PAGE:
Navigating the community after a combat injury has its challenges as many of you know. Some days are as smooth as a newly waxed surfboard and others feel as gritty as sand. The one thing that my husband and I can count on is a little help from our canine companion, Wilson. Wilson is a 90 pound, black 4-year-old English Lab who was donated to us by America’s Vetdogs on Memorial Day of 2011. Those of you out there that have labs know how loving and attentive they are. He gives Pat a new level of freedom and gives me piece of mind.
In fact recently, America’s Vetdog allowed Pat to return for a refresher course. Since, the new round of training, Pat and Wilson are completely in sync. They take on the world together daily. Yesterday, we had a busy day planned, physical therapy at 9:00am and then a dental appointment 30 miles south at 11:00am. Our new dentist is a long time friend of Pat’s so it’s worth the drive out to Centerville, Virginia. His clinic is sandwiched in the middle of a modern suburban strip mall outside Washington, DC. Our dental appointments went off without a hitch. By the time we finished up at 12:30pm, Pat, Wilson and I were ready for a bite to eat. Right next door was a mom-and-pop restaurant named The Village Café. Menu looked, great, they had a nice mixture of sandwiches, subs, salads, kabobs and pizzas.
That day was hot. I think we were close to record temperatures. It was almost 90 degrees by the time lunch rolled around. The Café was a welcome respite–cute, quaint and practically empty. There were at most, four lunch goers on the premises.
Pat and I stepped right up to the counter, perused the menu, and awaited service. Moments later, as the owner Mary, was on her way to deliver a Philly Cheese Steak and fries to a table, Wilson caught her eye. “Oh, no!” she said abruptly, in broken English “We do not allow dogs in here.” Mary appeared to be in her late fifties, she had an olive complexion, was of medium height, had a slender build and shoulder length hair. At the time I was unable to place her country of origin.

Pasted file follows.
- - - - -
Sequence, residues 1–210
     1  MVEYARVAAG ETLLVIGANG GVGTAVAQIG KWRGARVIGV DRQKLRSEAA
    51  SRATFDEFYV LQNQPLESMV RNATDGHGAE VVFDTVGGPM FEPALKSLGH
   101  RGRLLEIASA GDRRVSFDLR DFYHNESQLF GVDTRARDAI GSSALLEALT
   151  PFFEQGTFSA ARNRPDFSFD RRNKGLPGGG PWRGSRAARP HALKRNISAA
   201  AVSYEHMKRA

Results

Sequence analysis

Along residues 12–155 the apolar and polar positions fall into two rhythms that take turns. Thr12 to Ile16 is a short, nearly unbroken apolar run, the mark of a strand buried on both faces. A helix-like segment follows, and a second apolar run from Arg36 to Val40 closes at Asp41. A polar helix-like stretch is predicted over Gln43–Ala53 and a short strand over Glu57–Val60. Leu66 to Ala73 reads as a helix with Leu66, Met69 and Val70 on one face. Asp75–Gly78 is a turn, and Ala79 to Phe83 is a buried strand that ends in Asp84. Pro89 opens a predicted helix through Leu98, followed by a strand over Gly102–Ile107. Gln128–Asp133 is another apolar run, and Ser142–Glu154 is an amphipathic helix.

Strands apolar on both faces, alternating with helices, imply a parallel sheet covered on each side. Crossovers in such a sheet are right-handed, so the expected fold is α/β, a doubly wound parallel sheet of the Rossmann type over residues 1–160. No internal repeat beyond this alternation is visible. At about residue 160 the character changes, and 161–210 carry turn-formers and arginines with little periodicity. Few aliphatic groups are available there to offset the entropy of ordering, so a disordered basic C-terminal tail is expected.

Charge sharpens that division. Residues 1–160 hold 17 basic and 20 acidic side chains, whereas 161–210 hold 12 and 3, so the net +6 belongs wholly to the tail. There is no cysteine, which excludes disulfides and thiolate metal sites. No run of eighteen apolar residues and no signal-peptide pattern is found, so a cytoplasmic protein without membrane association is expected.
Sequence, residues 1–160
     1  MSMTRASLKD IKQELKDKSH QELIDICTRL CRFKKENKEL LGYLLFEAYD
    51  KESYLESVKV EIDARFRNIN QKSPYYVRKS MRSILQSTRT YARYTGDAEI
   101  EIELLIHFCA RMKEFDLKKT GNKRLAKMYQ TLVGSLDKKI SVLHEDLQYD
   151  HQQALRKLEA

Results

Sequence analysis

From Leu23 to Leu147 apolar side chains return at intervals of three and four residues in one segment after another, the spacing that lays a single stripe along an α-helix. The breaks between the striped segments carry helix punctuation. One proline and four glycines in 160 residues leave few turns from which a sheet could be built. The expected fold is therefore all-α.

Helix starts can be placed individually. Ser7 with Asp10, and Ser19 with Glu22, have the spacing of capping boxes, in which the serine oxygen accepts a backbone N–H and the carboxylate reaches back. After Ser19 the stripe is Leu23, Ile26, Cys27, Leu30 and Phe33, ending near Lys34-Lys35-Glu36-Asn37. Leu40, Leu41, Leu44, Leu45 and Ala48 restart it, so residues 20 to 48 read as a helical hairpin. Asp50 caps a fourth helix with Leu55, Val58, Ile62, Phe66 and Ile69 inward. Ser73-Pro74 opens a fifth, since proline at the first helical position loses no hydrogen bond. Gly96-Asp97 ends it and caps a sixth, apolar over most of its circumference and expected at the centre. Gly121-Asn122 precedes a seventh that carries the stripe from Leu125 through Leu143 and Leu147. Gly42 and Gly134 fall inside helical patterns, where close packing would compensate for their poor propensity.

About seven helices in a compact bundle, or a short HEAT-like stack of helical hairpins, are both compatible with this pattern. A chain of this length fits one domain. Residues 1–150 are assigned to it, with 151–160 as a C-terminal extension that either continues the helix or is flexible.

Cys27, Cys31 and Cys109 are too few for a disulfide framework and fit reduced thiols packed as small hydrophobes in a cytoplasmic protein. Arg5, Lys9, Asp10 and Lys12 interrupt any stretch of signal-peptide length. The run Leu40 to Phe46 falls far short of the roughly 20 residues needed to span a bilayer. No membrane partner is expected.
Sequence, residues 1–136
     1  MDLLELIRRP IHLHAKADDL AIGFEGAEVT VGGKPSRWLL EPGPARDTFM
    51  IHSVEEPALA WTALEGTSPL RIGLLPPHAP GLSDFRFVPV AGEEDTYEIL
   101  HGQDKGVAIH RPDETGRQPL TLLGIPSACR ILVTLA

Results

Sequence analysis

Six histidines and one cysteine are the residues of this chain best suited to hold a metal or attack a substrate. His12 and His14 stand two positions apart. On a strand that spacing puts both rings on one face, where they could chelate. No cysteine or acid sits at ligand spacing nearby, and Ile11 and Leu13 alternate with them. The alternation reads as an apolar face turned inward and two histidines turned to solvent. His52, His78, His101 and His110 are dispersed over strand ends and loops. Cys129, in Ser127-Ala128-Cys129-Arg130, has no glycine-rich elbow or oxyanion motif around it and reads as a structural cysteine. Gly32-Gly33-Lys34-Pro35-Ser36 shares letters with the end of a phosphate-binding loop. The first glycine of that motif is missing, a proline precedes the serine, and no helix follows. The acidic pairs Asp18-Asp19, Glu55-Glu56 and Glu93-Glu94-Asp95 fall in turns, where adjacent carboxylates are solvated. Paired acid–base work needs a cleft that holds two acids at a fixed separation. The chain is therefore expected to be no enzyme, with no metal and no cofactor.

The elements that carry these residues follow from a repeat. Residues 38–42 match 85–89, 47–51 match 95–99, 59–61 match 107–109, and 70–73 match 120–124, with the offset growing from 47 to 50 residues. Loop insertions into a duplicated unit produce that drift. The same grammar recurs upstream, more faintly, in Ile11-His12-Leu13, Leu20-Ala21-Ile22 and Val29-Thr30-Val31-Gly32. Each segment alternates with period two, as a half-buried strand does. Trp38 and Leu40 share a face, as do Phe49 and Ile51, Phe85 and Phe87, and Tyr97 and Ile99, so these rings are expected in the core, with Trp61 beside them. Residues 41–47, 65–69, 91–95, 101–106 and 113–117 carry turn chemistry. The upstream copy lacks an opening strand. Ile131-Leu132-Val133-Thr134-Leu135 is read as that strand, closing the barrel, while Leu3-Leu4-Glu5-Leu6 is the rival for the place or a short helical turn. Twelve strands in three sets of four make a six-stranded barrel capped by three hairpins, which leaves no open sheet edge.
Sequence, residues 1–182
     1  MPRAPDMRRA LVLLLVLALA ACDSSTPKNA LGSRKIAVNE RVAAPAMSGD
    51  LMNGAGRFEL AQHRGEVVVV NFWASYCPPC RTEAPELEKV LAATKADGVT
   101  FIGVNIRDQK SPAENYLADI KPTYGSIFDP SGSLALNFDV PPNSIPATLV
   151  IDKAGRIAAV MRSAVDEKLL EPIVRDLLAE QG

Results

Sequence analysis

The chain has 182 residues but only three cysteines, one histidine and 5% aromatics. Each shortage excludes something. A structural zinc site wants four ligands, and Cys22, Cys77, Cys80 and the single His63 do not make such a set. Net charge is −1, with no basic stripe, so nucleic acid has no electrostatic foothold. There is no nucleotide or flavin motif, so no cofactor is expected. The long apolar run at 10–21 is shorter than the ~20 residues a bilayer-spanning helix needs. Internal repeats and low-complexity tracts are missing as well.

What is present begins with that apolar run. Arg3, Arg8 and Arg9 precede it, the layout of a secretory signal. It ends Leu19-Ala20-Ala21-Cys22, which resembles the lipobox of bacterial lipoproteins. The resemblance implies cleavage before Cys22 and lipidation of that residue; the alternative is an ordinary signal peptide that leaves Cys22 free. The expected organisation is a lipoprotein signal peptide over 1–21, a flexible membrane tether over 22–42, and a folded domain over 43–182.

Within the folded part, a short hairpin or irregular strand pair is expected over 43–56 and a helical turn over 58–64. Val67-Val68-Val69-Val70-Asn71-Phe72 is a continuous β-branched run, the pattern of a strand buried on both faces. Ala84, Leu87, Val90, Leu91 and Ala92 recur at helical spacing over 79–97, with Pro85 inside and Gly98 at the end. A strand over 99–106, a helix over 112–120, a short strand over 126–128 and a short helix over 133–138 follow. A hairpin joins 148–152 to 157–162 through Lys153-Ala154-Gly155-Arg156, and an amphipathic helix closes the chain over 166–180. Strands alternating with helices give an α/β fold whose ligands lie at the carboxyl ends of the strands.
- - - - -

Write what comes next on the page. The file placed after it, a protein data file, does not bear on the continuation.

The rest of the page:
Pat and I have run into this problem a few times before, once at a Mexican restaurant and once at a hotel. We usually just explain the situation to the owner. Educate them on Wilson’s extensive training and how he assists Pat in the community. This time I found myself trying to reason with a brick wall. I told her, “Ma’am, you see, you don’t understand this is my husbands service dog he is very well trained. Mary wouldn’t hear of it. “No”, she said again waiving her hands in the air, “There will be no dogs in here. You can order then go outside.” Outside I thought! It’s 90 degrees! No thanks, I turned to Pat and said, “I’m not eating here. Let’s go.” Before we walked out I engaged Mary and her co-worker once more. I explained to them what they were doing is against the law. I told them that Pat has a right to bring his dog into any public venue in The United States, which includes her restaurant. Blank stares—that’s what we got in return. So off we went, to Havebite Café in Fairfax who welcomed Pat and Wilson in without hesitation. Wilson curled up under the table and took a nap.
What followed this incident was nothing short of amazing. While at Havebite, Pat turned to Facebook to air his grievance with The Village Café. Many of his friends rallied in his support, condemning, Mary’s behavior and the restaurant for the mistreatment of a disabled veteran. Pat decided to do a story, Wounded Veteran with Service Dog Kicked out of Restaurant, with his sister-in-law, Peggy Fox on local TV, Channel 9 to raise awareness in the hopes this won’t happen again.
Have any of you had any experience with this? Please let us know. How does your service dog help you? What organization did you get your dog from? Are you happy with your new companion? Leave a comment or e-mail the editor email@example.com.